How the world went from a semiconductor shortage to a major glut

Wong Yu Liang | Moment | Getty Images

The semiconductor shortage that affected everything from cars to games consoles during the height of the Covid-19 pandemic has turned into a chip glut — and some of the world’s biggest chipmakers are taking a hit.

Semiconductors are tiny components that are integral to a slew of products including refrigerators, cars, smartphones and LED bulbs.

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The Covid-19 pandemic caused huge disruption in the supply chains and production of chips, as consumers stuck at home went mad for products like PCs and smartphones.

This boosted demand for semiconductors such as the memory chips made by South Korean firms Samsung, SK Hynix and Micron.

There was also increased demand for less-advanced chips required for processes like power management in devices.

It led to a widespread shortage of products such as games consoles and even components for washing machines, which continued through the first half of 2022. There was also a lack of semiconductors that go into cars, leading to a drop in the production of vehicles from major automakers.

While the supply and demand dynamics for some chips have since become more balanced, in other areas, the chip shortage has turned into a glut.

Memory chip oversupply

Two types of chips are in oversupply right now: NAND and DRAM memory. These go into devices like laptops and also servers in data centers.

The glut came after companies began to stockpile chips amid the shortage to build up inventories.

But then the economy slowed down.

Demand for products like smartphones and laptops has dropped off in a big way — particularly as many people bought them during the pandemic.

“So, the makers of these end products stopped ordering chips and instead focused on selling through the inventory they already had,” Peter Hanbury, partner in the telecoms, media and technology practice at Bain & Company, told CNBC.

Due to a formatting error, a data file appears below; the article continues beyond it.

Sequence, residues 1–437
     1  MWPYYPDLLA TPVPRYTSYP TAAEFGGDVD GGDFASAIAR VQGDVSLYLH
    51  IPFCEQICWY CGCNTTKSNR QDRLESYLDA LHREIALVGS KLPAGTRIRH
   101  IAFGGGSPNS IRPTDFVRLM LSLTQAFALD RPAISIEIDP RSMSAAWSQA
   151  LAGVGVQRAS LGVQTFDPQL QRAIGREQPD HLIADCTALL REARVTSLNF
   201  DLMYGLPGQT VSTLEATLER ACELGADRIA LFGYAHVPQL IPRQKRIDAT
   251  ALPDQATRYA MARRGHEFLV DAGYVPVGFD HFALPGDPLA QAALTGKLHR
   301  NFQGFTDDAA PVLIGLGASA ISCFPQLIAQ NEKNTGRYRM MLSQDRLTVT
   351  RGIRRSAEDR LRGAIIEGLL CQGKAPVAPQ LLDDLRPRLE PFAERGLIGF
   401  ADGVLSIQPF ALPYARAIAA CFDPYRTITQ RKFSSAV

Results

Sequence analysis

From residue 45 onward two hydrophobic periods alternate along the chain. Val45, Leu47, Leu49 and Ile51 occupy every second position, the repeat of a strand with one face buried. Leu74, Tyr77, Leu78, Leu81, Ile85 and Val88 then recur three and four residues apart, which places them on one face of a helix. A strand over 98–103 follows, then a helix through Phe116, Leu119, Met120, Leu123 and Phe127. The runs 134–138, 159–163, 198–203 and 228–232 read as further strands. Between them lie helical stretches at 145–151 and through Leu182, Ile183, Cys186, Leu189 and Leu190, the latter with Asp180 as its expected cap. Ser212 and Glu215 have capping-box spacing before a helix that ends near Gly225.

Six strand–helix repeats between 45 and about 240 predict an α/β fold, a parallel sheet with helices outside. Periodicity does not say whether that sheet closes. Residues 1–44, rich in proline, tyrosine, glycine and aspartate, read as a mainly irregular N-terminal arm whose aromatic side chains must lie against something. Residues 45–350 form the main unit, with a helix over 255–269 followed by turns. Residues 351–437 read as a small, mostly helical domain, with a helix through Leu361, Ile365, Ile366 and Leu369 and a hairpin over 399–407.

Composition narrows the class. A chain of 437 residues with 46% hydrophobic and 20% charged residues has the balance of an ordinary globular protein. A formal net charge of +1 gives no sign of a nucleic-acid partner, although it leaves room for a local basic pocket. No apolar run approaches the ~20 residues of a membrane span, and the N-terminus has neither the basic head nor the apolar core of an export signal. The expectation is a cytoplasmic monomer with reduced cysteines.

“This led to a strong ‘bullwhip’ effect for the semiconductor markers further back in the supply chain where sky high demand during the chip shortage suddenly dried up as end markets stopped ordering chips and instead focused on selling through the inventory they already had.”

Not all types of semiconductors are in oversupply, however, with demand for chips from the auto sector remaining strong.

Hanbury said that some chips made for specific purposes are not easy to exchange for other semiconductors, and so “their lead times and prices are improving but remain quite high.”

From profit boost to income plunge

The pandemic-induced shortage of semiconductors helped boost chip makers’ profits as prices jumped. This included Samsung, the world’s largest memory chip manufacturer.

This year, however, Samsung and its rivals SK Hynix and Micron, have had a tough time.

Samsung on Thursday said operating profit for the second quarter plunged 95% year-on-year. Meanwhile, SK Hynix swung to a loss in the second quarter versus a profit in the same period last year.

Taiwan Semiconductor Manufacturing Company, the world’s largest chipmaker, said last week that net income for the second quarter fell 23.3% from a year ago. It was its first quarterly profit decline in 4 years.

Looking ahead, the PC market appears weak, which is likely to impact Samsung, SK Hynix and Micron.

For TSMC, the global smartphone market — a major revenue driver — is also under pressure.

“The smartphone market is still the biggest part of TSMC’s revenue. That part is still not seeing any meaningful pick up,” Sze Ho Ng, an analyst at China Renaissance Securities, told CNBC via phone.

Chip balance soon?

In an effort to boost the price of chips and reduce supply in the market, the major memory chip firms have announced production cuts.

Samsung said it expects global demand to recover in the second half of the year, and others have echoed a similar sentiment.

TSMC, however, said last week that it expects “continued inventory adjustment” from customers.

“After this year’s correction, I think there will be a second-half growth scenario for TSCM, but how strong that will be will be dependent on the macro environment,” Ng said.

Ultimately, recovery for these firms will depend on whether demand picks up for end products like consumer electronics, but that’s related to a macroeconomic recovery which looks far from certain.

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